I don't think we can trust ourselves with a TV. I don't think the TV should be available in the house. Even the stuff that's clean is a waste of brain power. If someone personally happens to do kiruv on TV, let them do it in the studio and not have one at home!

-Dixie Yid

At August 21, 2007 at 11:33:00 AM EDT, Anonymous Anonymous said...

After a period of indecision, we ditched TV during the 1990's after the picture tube died.

Nothing was lost except that our degree of familiarity with degenerate popular culture diminished---not a bad bargain!

The kids adapted well; they had never really been glued to the tube beforehand.

There are more than enough "pro-taiva" influences out there to contend with daily. There is no need to flirt with danger intentionally by bringing TV into one's own home.

Today, the Web brings challenges analogous to those of TV, so anyone feeling tempted to take a walk on the wild side should stay far away from it. People have to know their own tendencies.

At August 21, 2007 at 11:38:00 AM EDT, Blogger A Simple Jew said...

Bob: I plan to follow your lead when my television goes. I don't watch it at all now.

At August 21, 2007 at 12:55:00 PM EDT, Anonymous Anonymous said...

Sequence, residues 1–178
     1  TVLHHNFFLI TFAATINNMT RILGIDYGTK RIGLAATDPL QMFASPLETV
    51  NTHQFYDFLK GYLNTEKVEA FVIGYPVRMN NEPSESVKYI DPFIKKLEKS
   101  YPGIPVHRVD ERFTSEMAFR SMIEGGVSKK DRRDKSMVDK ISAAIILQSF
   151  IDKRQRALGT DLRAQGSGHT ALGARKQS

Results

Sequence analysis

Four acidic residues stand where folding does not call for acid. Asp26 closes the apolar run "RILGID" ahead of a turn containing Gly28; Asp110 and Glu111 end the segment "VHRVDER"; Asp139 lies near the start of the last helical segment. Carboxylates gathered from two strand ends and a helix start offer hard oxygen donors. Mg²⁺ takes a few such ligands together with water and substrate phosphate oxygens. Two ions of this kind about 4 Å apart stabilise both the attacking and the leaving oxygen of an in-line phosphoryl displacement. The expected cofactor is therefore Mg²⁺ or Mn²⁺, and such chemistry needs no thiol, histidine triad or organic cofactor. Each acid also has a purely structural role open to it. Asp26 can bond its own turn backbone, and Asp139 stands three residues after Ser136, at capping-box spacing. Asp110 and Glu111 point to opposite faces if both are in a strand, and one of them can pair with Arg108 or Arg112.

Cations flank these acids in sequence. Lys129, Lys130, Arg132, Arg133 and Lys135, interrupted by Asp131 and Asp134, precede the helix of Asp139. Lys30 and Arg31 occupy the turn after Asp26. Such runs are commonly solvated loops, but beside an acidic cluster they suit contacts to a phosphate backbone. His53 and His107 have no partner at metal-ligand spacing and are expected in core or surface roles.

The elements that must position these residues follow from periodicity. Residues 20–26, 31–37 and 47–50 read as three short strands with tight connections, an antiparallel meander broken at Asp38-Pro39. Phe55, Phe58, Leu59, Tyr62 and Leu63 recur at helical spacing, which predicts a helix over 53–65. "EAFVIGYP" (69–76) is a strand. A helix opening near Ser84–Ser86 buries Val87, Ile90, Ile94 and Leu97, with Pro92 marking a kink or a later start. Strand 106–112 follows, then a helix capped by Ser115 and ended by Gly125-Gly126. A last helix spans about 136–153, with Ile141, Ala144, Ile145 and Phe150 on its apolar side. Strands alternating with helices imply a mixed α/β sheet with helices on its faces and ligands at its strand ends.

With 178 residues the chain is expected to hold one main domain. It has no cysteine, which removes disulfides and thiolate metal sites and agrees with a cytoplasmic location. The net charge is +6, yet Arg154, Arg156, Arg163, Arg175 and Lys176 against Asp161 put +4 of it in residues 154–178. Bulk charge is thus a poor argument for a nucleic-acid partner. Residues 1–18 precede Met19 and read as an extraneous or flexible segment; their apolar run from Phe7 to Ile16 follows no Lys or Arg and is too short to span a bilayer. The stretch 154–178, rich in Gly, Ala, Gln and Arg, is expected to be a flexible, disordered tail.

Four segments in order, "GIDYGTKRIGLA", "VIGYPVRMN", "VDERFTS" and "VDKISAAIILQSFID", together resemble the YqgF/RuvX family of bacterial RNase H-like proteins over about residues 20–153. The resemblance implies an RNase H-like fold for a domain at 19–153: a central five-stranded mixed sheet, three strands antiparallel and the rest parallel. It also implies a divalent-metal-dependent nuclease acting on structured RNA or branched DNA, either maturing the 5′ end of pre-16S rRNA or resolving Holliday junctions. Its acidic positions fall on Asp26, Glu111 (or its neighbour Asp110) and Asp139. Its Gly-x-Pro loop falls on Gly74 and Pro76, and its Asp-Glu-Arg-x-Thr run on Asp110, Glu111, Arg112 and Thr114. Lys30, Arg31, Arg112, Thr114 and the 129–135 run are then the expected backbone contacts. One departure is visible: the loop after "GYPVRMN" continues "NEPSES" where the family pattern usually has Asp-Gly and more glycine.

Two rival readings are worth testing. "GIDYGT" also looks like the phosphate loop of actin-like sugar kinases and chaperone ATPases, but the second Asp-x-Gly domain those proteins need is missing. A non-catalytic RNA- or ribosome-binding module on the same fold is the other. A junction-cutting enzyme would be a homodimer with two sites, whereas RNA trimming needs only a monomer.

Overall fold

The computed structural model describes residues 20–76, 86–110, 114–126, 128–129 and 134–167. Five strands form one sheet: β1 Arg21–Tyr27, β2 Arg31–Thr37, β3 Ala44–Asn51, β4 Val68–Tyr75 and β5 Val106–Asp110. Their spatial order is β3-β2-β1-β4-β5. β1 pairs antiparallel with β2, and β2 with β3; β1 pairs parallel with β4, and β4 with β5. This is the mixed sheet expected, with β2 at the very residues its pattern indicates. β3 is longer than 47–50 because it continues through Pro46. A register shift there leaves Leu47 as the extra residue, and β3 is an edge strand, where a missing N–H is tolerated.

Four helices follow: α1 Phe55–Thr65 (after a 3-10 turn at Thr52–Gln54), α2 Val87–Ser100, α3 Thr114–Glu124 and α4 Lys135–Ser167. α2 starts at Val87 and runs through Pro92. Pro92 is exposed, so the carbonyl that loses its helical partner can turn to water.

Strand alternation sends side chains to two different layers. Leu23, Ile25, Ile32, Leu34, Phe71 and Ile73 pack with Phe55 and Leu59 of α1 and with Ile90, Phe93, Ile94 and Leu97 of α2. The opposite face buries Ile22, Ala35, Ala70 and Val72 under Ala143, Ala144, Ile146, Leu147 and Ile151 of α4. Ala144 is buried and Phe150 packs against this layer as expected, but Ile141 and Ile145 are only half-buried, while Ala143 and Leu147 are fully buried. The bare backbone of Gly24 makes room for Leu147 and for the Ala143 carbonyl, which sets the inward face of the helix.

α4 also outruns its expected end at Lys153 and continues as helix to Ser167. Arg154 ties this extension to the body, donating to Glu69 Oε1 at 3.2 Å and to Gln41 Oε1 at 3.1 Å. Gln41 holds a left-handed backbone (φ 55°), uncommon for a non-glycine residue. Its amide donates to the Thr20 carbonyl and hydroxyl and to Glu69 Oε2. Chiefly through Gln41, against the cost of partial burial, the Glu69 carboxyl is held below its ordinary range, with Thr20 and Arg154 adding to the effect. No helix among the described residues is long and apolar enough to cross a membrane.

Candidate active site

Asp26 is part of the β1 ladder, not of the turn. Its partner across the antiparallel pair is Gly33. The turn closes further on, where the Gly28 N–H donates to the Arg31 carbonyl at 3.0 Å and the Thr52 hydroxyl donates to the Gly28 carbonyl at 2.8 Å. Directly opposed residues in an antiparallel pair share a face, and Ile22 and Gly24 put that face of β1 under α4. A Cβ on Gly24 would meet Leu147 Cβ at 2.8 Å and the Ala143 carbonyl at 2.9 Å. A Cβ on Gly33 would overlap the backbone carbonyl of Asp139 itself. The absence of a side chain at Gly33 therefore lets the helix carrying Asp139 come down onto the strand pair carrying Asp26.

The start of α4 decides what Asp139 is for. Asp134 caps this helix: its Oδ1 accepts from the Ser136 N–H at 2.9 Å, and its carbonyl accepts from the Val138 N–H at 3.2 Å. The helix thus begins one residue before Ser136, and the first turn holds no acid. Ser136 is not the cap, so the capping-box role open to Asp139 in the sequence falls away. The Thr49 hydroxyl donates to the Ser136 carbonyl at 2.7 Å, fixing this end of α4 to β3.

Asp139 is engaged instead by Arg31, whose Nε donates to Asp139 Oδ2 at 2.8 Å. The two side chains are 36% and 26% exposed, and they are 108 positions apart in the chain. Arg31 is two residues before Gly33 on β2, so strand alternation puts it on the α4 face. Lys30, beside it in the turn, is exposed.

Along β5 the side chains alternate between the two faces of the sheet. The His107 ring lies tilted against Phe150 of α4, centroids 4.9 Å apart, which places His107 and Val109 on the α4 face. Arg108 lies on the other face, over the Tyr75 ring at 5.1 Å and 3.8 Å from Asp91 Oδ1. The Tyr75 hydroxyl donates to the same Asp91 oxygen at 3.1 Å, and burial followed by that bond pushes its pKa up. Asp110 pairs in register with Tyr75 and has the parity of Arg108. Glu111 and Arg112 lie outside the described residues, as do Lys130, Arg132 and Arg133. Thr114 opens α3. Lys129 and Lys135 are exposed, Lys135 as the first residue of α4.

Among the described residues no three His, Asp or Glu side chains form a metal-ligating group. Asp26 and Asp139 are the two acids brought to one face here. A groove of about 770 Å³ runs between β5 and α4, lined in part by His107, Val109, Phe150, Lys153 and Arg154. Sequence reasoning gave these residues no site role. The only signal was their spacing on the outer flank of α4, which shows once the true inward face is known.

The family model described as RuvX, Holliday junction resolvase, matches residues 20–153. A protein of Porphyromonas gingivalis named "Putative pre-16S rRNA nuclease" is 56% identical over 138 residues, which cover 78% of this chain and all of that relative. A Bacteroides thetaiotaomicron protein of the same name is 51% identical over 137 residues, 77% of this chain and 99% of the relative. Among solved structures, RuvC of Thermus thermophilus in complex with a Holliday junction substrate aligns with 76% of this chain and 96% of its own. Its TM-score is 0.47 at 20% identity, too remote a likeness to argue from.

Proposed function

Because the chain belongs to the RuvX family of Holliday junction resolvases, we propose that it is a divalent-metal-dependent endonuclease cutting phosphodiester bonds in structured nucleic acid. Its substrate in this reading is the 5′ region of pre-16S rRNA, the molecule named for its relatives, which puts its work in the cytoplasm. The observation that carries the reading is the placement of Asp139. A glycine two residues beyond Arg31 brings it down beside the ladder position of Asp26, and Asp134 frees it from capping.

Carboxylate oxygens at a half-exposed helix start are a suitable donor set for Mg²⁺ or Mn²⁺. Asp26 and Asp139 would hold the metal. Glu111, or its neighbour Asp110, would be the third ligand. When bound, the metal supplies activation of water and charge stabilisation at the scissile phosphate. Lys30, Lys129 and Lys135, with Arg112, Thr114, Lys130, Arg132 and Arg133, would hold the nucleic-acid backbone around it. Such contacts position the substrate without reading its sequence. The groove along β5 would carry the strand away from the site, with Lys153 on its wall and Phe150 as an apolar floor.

Given the great emphasis on shmiras einayim, is it possible for a chassid to turn network television today for even than five minutes without seeing an image that he should not be looking at?

At August 21, 2007 at 12:57:00 PM EDT, Blogger Jack Steiner said...

I don't think we can trust ourselves with a TV. I don't think the TV should be available in the house. Even the stuff that's clean is a waste of brain power.

I disagree wholeheartedly. While there may be junk on television, there are also tremendous educational programs.

My children and I have enjoyed many shows on Discovery and The National Geographic channel.

And we have watched "junk" television. But the trick is moderation. That really is the bottom line.

At August 21, 2007 at 2:21:00 PM EDT, Anonymous Anonymous said...

Having a tv for the occasional educational program is fraught with peril. Even in a garbage dump one can find an edible apple sometimes. Having said that, we do have kosher videos that play on a tv that has no cable connection or reception.

At August 21, 2007 at 3:11:00 PM EDT, Anonymous Anonymous said...

just remember that there is a video that they play in shomayim after 120 that captures every little action

At August 21, 2007 at 8:13:00 PM EDT, Anonymous Anonymous said...

maybe we should "tell a vision" of the neviim, the prophets instead of watching a "television".

At August 21, 2007 at 8:15:00 PM EDT, Anonymous Anonymous said...

television is a recent phenomenon in human and jewish history. for thousands of years we "inner-attained" tried to "enter-attainment" instead of being 'entertained'....with stories from torah, rebbes, life...